What is a Microsoft Failover Cluster Virtual Adapter anyway?

What is a Microsoft Failover Cluster Virtual Adapter anyway?

A question often asked is, “What is the Microsoft Cluster Virtual Adapter and what can I do with it?” The typical, and correct answer, is to leave it alone and let it just work for you. While that answer satisfies most, others may want just a little more by way of an explanation, so hopefully, this blog will provide that.

The networking model in Windows Server 2008 Failover Clustering was rewritten to accommodate new functionality which included being able to obtain IP addresses from DHCP servers and being able to locate Cluster nodes on separate, routed subnets. Additionally, communications went from being UDP Broadcast transmissions to UDP Unicast with a smattering of TCP connections thrown in for good measure. What this all adds up to is more reliable and robust communication connectivity within the Cluster, no matter where the Cluster nodes were located. It no longer matters if Cluster nodes are located in the same physical rack in the same datacenter or in a server rack in a server room in a remote datacenter located at the end of an OC3 WAN connection. This now makes the Cluster more tolerant of single points of failure, e.g. Network Interface Card (NIC) card (and hence the new driver name ‘Network Fault-Tolerant or NetFT.sys). The only real minimum requirement is multiple (at least two), redundant communication paths between all nodes in the Cluster. This way, the Cluster network driver (NETFT.SYS) could build a complete routing structure to provide the redundant communication connectivity the Cluster would need to keep applications and services highly available.

Note: Not having at least two networks available for cluster communications will result in a Warning (violation of a ‘best practice’) being recorded during the Cluster validation process. This is noted in the hardware requirements under Network Adapters and cable section.

To provide some examples of this new functionality and still not get deep into the new networking model, I generated a cluster log from a cluster node so I could illustrate how this new network model is reflected as the cluster service starts. In the cluster log, several entries are associated with NETFT. Some of these include, but may not be limited to, the following:

NETFT – Network Fault-Tolerant
TM – Topology Manager (discovers and maintains the cluster network topology. Reports failures of any networks or network interfaces. configures the Microsoft Failover Cluster Virtual Adapter)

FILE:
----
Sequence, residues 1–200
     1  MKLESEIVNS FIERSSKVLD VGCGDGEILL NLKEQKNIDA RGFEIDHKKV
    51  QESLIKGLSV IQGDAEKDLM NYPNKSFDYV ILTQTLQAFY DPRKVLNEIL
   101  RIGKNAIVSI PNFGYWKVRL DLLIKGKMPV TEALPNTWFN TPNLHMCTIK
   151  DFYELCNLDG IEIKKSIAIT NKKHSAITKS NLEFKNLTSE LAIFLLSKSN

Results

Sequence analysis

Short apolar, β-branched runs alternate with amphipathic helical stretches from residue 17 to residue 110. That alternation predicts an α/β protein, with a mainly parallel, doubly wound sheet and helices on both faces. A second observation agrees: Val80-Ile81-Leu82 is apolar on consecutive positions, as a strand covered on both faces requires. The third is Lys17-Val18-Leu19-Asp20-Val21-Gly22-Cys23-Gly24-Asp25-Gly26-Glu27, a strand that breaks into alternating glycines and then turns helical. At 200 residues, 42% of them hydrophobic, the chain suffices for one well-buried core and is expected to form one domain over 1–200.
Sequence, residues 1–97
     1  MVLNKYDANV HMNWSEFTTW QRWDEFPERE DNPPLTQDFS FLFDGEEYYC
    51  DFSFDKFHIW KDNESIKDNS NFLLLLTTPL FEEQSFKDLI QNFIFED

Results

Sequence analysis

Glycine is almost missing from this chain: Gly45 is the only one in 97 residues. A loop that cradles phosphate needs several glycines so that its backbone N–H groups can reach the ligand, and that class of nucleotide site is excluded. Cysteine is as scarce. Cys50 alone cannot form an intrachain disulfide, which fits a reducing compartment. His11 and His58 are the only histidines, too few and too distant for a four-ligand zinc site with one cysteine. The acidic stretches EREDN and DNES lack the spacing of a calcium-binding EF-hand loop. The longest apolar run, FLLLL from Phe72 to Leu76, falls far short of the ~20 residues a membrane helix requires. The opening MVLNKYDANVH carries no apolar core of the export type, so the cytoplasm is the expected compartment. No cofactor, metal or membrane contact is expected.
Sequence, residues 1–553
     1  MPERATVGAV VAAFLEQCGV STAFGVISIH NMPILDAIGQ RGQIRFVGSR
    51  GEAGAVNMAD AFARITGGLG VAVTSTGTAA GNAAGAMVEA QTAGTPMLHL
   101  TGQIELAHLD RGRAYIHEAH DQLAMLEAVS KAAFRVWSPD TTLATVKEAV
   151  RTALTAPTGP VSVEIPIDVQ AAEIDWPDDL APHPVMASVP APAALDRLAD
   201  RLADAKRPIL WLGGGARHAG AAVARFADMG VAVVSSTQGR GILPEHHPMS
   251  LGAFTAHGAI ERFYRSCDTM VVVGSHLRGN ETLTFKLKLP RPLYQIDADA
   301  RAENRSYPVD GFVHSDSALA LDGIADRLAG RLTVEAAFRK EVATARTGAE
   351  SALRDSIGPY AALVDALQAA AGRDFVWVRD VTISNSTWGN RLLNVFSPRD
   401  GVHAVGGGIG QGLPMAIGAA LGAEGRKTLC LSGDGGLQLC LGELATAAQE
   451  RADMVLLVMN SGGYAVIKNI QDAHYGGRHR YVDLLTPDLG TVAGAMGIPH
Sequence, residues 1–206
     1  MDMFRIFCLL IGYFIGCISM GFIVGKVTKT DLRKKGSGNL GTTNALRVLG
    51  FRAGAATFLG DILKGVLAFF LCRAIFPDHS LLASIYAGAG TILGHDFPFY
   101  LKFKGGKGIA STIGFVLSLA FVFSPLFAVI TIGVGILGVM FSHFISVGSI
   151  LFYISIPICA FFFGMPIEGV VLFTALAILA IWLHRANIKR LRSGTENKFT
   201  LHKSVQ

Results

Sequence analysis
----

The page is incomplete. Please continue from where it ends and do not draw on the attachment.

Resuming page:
IM – Interface Manager (Responsible for any network interfaces that are part of a cluster configuration)
NETFTAPI – NETFT Application Programming Interface (API)
FTI – Fault-Tolerant Interface

As the cluster service starts, there are events registered indicating NETFT is preparing for communications with other pieces of the cluster architecture –

00000784.000007cc::2009/01/30-14:26:38.199 INFO [NETFT] FTI NetFT event handler ready for events.
00000784.000007b0::2009/01/30-14:26:39.369 INFO [NETFT] Starting NetFT eventing for TM
00000784.000007b0::2009/01/30-14:26:39.369 INFO [NETFT] TM NetFT event handler ready for events.
00000784.000007b0::2009/01/30-14:26:39.369 INFO [CS] Starting IM
00000784.000007b0::2009/01/30-14:26:39.369 INFO [NETFT] Starting NetFT eventing for IM
00000784.000007b0::2009/01/30-14:26:39.369 INFO [NETFT] IM NetFT event handler ready for events.

As connectivity is established with other nodes in the cluster, routes are added –

00000784.00000648::2009/01/30-14:26:39.744 INFO [NETFT] Added route <struct mscs::FaultTolerantRoute>
00000784.00000648::2009/01/30-14:26:39.744 INFO <realLocal>172.16.0.181:~3343~</realLocal>
00000784.00000648::2009/01/30-14:26:39.744 INFO <realRemote>172.16.0.182:~3343~</realRemote>
00000784.00000648::2009/01/30-14:26:39.744 INFO <virtualLocal>fe80::2474:73f1:4b12:8096:~3343~</virtualLocal>
00000784.00000648::2009/01/30-14:26:39.744 INFO <virtualRemote>fe80::8b6:30ea:caa3:8da7:~3343~</virtualRemote>
00000784.00000648::2009/01/30-14:26:39.744 INFO <Delay>1000</Delay>
00000784.00000648::2009/01/30-14:26:39.744 INFO <Threshold>5</Threshold>
00000784.00000648::2009/01/30-14:26:39.744 INFO <Priority>99</Priority>
00000784.00000648::2009/01/30-14:26:39.744 INFO <Attributes>1</Attributes>